Glenn Ligon Plans Major Work for New School: In what is promised to be his "most ambitious neon work to date," Glenn Ligon has been commissioned to create an installation for New York's New School. The project is described as a tribute to American poet Walt Whitman, and will feature streams of neon text from his masterpiece, "Leaves of Grass," circling the walls of the cafe in the school's new University Center at 14th Street and Fifth Avenue, which is set to open in winter 2014. [Press Release]

Nude Portrait of Pregnant Sienna Miller Raises Eyebrows: Jonathan Yeo's painting "Sienna (pregnant)" (2012), which portrays the British actress very naked and very pregnant, is set to make its debut in his solo show "(I've Got You) Under My Skin" when it opens at Berlin's Circle Culture Gallery on Friday, but it has already drawn a great deal of attention — and comparisons to Demi Moore's famous Vanity Fair cover photo. Says Yeo, "I can think of many figures whose public currency in part revolves around their appearance, who would prefer to hide themselves away for nine months." [Independent]

Georgian Museum Struggles to Shape Post-Soviet Nation: Since taking over as its director in 2004, David Lordkipanidze has seen the role of the Georgian National Museum as one of negotiator between the country's Soviet past and recent pro-Western turn — one recently problematized by the election of a pro-Kremlin Pparliament — and has recently reopened key historical wings of the institution following extensive restorations. "We are building a narrative not just of Georgian history but of Georgia's history in the world," Lordkipanidze said. "Down the ages we have been part of a global continuum which in recent years is something that the Georgian state has been especially pushing for — integration to Europe, to a wider horizon. That is part of our heritage from earliest times." (To see the Georgian National Museum in action, check out our VIDEO OF THE DAY, below.) [WSJ]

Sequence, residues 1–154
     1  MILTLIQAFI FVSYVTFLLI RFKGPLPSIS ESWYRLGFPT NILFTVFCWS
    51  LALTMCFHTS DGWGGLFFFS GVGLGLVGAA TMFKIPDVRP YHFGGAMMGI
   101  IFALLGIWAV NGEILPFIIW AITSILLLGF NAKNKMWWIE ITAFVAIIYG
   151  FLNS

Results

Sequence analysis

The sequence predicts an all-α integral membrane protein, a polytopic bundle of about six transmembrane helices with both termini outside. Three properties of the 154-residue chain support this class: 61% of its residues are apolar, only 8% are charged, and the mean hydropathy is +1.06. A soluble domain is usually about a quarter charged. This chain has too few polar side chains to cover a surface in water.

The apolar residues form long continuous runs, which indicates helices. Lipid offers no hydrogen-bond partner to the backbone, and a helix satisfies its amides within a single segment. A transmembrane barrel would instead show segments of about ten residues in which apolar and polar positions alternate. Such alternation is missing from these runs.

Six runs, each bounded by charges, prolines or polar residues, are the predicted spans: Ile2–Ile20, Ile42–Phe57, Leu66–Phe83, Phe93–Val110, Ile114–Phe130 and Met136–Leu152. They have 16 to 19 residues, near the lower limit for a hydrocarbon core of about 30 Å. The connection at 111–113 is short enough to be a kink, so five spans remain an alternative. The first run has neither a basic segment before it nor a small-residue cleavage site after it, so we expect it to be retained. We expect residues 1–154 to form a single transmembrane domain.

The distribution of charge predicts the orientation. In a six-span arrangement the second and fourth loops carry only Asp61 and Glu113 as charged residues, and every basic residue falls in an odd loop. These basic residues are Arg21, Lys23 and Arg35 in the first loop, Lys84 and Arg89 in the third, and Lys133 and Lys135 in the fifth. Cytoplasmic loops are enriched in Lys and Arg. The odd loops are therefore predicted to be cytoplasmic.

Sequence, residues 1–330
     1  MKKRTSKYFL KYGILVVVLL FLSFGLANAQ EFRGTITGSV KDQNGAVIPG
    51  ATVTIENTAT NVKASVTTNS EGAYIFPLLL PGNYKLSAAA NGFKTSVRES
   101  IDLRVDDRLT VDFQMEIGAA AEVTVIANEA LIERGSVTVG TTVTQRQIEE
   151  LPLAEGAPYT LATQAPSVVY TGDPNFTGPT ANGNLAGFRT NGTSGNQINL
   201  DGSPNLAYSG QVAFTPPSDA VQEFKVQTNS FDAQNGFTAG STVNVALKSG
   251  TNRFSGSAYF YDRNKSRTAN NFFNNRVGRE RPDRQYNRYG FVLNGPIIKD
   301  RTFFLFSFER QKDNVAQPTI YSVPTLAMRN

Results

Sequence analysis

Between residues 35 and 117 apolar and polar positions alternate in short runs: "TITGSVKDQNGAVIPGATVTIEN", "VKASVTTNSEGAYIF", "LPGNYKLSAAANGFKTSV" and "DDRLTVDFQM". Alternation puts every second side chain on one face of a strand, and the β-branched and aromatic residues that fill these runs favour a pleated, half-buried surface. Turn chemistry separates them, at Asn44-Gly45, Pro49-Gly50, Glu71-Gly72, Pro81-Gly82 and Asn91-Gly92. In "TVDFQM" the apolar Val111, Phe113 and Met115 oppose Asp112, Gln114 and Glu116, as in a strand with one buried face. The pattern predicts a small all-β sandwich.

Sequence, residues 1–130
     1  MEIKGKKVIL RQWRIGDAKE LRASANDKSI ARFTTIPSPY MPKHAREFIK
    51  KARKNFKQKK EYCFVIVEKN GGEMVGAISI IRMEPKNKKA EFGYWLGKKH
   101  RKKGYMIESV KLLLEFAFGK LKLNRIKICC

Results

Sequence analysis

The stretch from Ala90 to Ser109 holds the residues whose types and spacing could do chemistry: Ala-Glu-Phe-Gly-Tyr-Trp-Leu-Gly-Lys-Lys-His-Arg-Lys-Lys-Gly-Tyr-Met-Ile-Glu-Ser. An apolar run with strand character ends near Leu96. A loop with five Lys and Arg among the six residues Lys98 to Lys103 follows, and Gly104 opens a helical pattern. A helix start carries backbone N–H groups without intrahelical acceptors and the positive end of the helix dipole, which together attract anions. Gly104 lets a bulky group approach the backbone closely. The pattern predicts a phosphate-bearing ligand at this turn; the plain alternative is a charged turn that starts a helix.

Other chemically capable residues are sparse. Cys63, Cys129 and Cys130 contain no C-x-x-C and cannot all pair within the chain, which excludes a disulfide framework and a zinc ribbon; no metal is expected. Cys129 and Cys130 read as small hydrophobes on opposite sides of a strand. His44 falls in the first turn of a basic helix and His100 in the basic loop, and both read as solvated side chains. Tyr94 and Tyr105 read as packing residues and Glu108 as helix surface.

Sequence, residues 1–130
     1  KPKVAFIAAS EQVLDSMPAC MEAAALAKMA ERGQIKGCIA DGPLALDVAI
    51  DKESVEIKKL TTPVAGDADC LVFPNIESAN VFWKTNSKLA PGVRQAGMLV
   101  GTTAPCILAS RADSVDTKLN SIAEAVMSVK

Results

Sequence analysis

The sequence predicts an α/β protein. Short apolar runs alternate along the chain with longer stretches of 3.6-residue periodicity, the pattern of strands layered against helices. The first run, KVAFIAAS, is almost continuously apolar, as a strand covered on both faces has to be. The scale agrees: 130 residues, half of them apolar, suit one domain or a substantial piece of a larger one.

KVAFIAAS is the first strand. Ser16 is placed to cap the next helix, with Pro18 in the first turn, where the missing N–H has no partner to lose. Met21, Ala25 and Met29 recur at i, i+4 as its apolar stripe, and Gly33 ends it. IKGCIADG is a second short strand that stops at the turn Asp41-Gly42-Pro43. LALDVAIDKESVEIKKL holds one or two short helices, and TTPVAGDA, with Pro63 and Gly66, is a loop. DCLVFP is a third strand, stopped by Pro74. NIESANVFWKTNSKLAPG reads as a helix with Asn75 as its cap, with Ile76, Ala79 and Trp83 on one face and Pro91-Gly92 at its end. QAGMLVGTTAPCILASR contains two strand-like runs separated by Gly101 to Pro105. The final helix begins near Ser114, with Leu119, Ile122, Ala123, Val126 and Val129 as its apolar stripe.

Artist Collective Incubating Egg-Shaped Bar for Miami: During next month's Art Basel Miami Beach the Cuban artist duo Los Carpinteros will unveil their latest large-scale installation, the egg-shaped open-air art bar "Güiro," on Oceanfront as part of Absolut Art Bureau and Art Basel Conversations's joint program during the fair. "The artists have produced some of the most memorable and critically acclaimed work to emerge from Cuba recently," said Absolut Art Bureau leader Vadim Grigorian. "'Güiro' on the Oceanfront will be a magnet for conviviality during the show, where people can come together to relax and share their art experiences – in an environment that is itself a work of art." [Press Release]

Museum Axes Staff to Stem Red Ink: The Long Beach, California-based Museum of Latin American Art has laid off five, including chief curator Cecilia Fajardo Hill, in an effort to shave some $600,000 from its budget. In the past, operating deficits were covered by the institution's founder Robert Gumbiner, but since his death three years ago, the museum has struggled. Two junior curators remain, and the museum plans to rely more on social media to attract an audience going forward. [KPCC]

VIDEO OF THE DAY

Report on the Georgian National Museum